on the appropriateness and usability of the system, and their perception of the changes
in the self reflection process with use of the system.

From the preliminary data, two implications are drawn for the use of the system in the
real classroom environment. The first issue relates to collaborative support from the
stakeholder groups in the placement schools. Prior to planning for use of the system
for in class video recording, the teacher training institution should seek approval from
the principals of the placement schools for the installation of the system in school
classrooms. Consents from teachers and parents need be obtained for the use of the
system in practice teaching activities. At the beginning of each lesson, students in the
placement schools should be informed about the use of the system for classroom
recording. These initiatives help to reduce the uncertainty and interference that may be
caused by the use of the system in real classroom environments.

The second issue is related to orientation work for student teachers, prior to practice
teaching involving use of the system. Teacher training institutions should inform
student teachers clearly about the rationale and process, and also remind them about
the potential benefits and noteworthy issues, when using the system to scaffold the self
reflection process. These initiatives help to increase student teachers’ interest in and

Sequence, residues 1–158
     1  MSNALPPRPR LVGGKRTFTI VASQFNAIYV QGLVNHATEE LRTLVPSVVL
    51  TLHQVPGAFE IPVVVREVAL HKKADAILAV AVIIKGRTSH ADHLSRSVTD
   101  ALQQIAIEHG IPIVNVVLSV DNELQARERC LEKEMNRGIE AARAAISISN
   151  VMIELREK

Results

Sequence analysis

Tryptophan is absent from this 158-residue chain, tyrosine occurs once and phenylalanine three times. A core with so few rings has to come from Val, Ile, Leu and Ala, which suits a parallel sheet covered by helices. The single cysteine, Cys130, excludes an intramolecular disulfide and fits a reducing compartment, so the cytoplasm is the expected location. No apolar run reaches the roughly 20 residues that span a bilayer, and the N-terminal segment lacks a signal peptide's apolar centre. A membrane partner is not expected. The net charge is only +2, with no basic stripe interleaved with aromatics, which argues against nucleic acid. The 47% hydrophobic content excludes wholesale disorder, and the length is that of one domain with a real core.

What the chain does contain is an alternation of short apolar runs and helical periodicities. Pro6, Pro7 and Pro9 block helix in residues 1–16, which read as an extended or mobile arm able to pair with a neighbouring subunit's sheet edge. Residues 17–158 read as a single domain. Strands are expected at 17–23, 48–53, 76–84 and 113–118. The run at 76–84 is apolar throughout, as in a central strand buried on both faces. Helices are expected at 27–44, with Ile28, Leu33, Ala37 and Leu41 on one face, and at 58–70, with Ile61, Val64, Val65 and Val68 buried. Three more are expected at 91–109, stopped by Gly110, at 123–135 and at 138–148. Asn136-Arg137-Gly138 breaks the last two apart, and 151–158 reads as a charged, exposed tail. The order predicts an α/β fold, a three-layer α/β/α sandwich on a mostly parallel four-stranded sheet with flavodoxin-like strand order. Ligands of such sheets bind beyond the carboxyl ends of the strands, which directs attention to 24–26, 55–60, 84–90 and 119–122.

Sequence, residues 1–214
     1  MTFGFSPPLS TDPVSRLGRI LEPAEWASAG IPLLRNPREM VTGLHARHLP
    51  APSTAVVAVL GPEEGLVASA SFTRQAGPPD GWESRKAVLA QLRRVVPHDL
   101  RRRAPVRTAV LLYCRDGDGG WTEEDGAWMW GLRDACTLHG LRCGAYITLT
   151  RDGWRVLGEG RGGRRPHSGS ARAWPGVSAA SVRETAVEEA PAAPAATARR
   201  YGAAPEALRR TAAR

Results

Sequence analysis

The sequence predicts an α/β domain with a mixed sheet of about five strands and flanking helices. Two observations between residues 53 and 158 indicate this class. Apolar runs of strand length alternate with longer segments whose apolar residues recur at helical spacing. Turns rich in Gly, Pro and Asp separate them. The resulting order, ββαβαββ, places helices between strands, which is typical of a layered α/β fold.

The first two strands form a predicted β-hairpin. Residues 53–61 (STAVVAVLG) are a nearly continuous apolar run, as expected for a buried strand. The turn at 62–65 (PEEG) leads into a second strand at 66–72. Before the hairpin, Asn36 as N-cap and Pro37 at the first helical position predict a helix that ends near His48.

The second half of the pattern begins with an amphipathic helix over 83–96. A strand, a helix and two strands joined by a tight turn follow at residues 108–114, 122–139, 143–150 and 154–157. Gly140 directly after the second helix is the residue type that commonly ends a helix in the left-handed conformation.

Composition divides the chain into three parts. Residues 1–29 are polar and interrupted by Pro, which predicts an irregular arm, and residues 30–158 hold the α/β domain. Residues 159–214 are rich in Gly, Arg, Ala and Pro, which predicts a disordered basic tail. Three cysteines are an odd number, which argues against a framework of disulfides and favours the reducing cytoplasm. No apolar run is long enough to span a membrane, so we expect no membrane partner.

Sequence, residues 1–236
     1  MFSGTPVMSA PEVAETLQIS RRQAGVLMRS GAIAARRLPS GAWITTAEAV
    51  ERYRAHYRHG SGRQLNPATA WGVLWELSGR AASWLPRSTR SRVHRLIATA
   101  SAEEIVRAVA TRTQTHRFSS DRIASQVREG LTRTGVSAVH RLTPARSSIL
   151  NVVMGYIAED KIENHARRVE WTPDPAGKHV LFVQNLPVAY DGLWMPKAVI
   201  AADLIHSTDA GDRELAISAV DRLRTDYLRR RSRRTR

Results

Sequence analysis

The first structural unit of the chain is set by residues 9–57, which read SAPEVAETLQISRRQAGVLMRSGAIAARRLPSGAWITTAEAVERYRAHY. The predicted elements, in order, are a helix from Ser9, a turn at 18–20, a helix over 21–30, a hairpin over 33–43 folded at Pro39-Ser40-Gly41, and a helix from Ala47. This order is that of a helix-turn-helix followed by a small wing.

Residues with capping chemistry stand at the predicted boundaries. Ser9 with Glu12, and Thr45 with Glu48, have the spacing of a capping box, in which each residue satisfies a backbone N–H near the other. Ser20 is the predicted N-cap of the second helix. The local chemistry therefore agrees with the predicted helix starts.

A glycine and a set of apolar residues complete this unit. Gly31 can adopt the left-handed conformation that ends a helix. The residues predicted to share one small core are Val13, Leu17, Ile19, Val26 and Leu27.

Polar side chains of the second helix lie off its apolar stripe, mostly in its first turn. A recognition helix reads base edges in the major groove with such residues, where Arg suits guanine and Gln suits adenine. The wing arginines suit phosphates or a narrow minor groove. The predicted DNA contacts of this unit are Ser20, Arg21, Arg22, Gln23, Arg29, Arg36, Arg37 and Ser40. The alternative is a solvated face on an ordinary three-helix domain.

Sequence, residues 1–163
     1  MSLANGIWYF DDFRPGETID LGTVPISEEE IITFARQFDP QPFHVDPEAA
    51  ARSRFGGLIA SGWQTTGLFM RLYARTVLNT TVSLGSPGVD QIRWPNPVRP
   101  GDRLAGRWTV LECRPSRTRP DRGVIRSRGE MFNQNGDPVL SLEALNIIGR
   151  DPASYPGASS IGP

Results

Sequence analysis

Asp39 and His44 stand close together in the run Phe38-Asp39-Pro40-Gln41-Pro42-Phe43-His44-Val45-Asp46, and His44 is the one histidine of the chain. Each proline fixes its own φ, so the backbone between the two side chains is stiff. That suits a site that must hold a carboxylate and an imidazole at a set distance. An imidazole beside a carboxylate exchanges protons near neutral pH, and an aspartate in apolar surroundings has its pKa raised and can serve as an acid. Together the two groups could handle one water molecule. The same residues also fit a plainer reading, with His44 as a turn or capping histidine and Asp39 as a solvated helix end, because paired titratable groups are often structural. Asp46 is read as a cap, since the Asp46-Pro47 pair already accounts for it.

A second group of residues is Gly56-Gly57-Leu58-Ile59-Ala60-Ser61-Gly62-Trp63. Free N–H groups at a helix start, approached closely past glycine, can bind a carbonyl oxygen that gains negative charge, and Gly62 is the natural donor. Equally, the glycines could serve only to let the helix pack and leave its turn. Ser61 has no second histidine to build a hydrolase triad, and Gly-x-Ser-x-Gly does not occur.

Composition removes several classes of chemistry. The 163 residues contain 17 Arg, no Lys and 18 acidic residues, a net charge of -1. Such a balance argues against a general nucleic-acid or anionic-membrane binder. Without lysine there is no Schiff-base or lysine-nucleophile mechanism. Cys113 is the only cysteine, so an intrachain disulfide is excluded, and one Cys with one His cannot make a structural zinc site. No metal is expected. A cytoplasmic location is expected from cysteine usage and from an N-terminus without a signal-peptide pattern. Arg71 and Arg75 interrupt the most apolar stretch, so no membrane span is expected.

willingness to use the system.

Every teacher training institution has an in house framework for evaluation of the
teaching competence of student teachers. Teacher training institutions may fine tune
the list of self evaluation criteria in the system's electronic self reflection forms,
according to their own frameworks. The teacher education sector can therefore
capitalise on the use of the system, which enables student teachers to self reflect on
their teaching performance, from the perspectives of an insider in the teaching
profession. This contributes to a consistent quality control work on the teaching quality
of student teachers.
556 Australasian Journal of Educational Technology, 2009, 25(4)

Acknowledgments
The authors would like to acknowledge the support of a research grant from the Hong
Kong Institute of Education for the project “A study analysing reflections of student
teachers on using a web enabled, self monitoring video system in classroom for
enhancement of teaching quality”.

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Dr Siu Cheung KONG (Corresponding author), Head and Associate Professor,
Department of Mathematics and Information Technology, The Hong Kong Institute of
Education. Postal: 10 Lo Ping Road, Tai Po, New Territories, Hong Kong, China.
Email: sckong@ied.edu.hk Web: http://www.ied.edu.hk/mit/en/staff/sckong.htm

Dr Ronnie H. SHROFF, Post-doctoral Research Fellow, Centre for Learning, Teaching
and Technology, The Hong Kong Institute of Education. Postal: 10 Lo Ping Road, Tai
Po, New Territories, Hong Kong, China. Email: rshroff@ied.edu.hk
Web: http://www.ied.edu.hk/lttc/about/staff/ronnie.html

Mr Hing Keung HUNG, Assistant Education Technology Officer, Centre for Learning,
Teaching and Technology, The Hong Kong Institute of Education. Postal: 10 Lo Ping
Road, Tai Po, New Territories, Hong Kong, China. Email: vhung@ied.edu.hk
Web: http://www.ied.edu.hk/lttc/about/staff/vincent.html